This is a level 4 measurement and statistics activity from the Figure It Out theme series.
A PDF of the student activity is included.
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interpret a tide chart
measure in millimetre with a ruler
create a graph to show data
Students must interpret the scale of the tide timetable correctly to work out the actual time for low tide. This can be done using the symmetry of the tide curve. Look at a portion of the tide timetable:
The low-tide time gives the line of reflective symmetry in the curve. As can be seen from the portion of the curve above, this is just after 12 p.m., probably about 12.15 p.m. By similar reasoning, the low tide for tomorrow will be about 1.45 p.m. (The tides get a bit later each day, so the curve will not have perfect reflectional symmetry.) The period of time between 1 p.m. and 2.30 p.m. tomorrow is
probably the best time to explore the pools because it does not clash with lunchtime. (See the Ministry of Education’s Making Better Sense of Planet Earth and Beyond [Wellington: Learning Media, 1999] pages 94, 95, and 100 for cross-curricular links with tides and moons.)
For question 2, be sure that students measure the crabs in millimetres. This is a good time to remind them that the prefix milli means one thousandth, so there are 1 000 millimetres in 1 metre. Centi means one hundredth, so there are 100 centimetres in 1 metre.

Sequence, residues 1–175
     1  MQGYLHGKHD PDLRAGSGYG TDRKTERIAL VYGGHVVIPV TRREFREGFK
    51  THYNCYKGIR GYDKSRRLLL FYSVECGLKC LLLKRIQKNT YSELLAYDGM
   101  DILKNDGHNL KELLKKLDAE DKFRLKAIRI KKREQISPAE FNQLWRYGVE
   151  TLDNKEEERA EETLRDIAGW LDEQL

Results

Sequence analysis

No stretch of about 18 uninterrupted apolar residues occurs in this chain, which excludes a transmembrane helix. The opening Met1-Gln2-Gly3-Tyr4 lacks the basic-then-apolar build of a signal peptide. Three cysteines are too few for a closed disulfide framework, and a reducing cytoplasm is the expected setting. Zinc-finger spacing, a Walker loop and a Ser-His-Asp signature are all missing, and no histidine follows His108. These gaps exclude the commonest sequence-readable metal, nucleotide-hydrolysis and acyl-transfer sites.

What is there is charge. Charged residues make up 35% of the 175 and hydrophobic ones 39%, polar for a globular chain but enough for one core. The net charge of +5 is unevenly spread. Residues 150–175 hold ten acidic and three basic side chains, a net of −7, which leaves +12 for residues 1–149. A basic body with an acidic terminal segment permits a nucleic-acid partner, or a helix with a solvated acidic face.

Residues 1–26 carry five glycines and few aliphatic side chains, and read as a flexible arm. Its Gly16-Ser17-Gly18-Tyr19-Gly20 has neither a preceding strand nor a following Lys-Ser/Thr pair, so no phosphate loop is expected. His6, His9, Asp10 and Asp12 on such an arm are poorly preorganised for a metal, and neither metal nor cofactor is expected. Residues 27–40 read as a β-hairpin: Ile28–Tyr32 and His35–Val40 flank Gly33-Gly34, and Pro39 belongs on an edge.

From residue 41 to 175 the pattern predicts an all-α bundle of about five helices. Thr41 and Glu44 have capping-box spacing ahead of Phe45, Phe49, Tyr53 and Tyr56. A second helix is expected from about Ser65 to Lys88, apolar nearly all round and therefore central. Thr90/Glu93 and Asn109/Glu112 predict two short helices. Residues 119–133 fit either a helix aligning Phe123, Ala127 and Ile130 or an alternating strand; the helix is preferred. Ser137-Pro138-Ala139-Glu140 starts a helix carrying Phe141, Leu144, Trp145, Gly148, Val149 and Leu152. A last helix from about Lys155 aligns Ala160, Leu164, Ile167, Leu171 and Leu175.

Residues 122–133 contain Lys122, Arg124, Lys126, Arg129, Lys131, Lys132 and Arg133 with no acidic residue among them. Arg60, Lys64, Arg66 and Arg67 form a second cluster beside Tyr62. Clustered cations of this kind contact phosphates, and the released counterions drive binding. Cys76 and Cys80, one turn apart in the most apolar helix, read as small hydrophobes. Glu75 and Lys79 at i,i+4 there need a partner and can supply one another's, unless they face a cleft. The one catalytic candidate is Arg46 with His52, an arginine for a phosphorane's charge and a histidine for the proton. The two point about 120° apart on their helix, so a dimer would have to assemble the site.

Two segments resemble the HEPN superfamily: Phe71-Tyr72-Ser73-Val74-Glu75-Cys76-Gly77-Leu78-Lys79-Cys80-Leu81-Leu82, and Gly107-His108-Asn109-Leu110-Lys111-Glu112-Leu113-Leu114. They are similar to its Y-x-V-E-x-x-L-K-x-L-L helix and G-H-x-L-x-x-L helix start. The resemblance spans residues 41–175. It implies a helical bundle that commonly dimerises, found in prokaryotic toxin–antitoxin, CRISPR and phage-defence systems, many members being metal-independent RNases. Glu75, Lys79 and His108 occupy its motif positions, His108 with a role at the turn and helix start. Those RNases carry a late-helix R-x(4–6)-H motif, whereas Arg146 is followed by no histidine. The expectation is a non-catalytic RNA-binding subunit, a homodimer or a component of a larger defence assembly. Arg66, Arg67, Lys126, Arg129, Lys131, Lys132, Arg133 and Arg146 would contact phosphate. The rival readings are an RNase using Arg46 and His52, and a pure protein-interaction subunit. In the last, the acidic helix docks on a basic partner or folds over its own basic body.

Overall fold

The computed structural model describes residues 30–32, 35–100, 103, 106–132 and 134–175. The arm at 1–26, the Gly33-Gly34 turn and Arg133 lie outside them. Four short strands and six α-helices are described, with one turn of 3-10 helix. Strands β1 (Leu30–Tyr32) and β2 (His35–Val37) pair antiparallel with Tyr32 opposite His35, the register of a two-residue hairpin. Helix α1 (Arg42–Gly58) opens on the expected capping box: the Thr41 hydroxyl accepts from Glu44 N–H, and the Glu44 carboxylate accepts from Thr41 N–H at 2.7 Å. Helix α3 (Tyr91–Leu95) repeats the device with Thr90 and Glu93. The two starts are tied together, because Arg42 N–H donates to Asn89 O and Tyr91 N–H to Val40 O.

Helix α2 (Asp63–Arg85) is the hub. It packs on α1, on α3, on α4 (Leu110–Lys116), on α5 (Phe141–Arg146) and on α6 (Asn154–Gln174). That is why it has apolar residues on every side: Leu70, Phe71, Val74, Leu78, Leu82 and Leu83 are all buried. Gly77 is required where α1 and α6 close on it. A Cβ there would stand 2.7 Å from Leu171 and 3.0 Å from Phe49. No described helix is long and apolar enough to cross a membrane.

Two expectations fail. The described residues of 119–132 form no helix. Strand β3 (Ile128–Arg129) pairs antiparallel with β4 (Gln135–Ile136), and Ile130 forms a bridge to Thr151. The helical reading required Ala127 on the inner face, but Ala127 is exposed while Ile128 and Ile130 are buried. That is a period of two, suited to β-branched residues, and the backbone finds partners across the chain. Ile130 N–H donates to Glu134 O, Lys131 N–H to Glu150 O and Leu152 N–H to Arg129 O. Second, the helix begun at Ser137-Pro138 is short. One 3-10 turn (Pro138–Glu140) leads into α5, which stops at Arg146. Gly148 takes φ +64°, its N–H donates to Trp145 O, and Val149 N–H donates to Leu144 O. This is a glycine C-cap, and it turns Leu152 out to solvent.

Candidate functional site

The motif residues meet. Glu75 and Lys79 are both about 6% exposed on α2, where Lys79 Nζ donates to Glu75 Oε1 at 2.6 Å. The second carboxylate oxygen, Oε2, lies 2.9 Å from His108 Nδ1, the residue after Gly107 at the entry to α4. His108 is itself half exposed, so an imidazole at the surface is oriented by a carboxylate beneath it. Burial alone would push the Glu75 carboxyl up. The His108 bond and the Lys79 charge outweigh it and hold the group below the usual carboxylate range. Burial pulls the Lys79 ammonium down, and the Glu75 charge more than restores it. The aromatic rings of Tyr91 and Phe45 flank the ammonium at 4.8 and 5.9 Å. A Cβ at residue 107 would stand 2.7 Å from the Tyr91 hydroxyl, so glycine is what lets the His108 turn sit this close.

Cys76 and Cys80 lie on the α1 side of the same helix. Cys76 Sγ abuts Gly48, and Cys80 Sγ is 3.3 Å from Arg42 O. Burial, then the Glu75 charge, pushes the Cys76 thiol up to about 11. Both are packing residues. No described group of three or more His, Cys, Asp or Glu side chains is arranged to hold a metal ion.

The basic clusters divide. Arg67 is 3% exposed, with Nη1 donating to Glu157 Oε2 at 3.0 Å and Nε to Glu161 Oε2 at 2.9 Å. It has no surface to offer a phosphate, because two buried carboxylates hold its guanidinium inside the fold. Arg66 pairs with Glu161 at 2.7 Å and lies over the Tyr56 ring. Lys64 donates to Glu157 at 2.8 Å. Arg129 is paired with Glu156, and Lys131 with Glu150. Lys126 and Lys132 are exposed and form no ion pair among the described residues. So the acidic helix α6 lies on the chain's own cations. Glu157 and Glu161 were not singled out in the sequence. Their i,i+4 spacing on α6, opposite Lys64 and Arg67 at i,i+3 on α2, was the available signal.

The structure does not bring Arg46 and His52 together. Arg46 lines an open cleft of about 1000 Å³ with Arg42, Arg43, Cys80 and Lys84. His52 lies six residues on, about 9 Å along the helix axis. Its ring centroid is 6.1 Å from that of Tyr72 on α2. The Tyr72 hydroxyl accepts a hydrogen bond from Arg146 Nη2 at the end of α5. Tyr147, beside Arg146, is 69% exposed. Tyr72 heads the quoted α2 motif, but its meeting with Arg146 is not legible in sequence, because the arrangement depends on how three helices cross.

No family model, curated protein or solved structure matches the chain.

The data gathered is numeric, so the stem-and-leaf graph and dot plot are the most suitable graphs for students of this level. Students may like to draw different graphs for the two different species of crabs.
For the stem-and-leaf graph, all the measurements have a tens digit and a ones digit. The tens digits 0, 1, and 2 are the stem. The ones digits are the leaves:
The boxed digits show how a 15 millimetre measurement would be recorded.
A dot plot resembles a number line with dots used to show the number of crabs that have measurements of that size.
A more advanced graph of this data is called a histogram. In this type of graph, the x axis (horizontal axis) shows the measurements divided into bands and the y axis (vertical axis) shows the numbers of crabs.
The number of crabs in each band is known as the frequency. The band goes up to, but does not include, the number that starts the next band. For example, there are four crabs shown in the 10–15 band. This does not include the 15 millimetre crab.
Histograms are used to show continuous data, that is, data that can take any value within a range. Measurement data is usually continuous. Discrete numeric data has a restricted number of values. For example, the number of people in a household must always be a whole number (1, 2, 3, …), so this numeric data is discrete.
1. Between approximately 11.30 a.m. and 1 p.m. today or between 12.45 p.m. and 2.15 p.m. tomorrow. (Both times would clash with lunch, but the programme could be altered to suit.)
2. Practical activity. Measuring the crabs accurately is difficult, so measurements may
vary from student to student. A dot plot of the crab sizes could look like this:
A stem-and-leaf graph could look like this:
A histogram could look like this: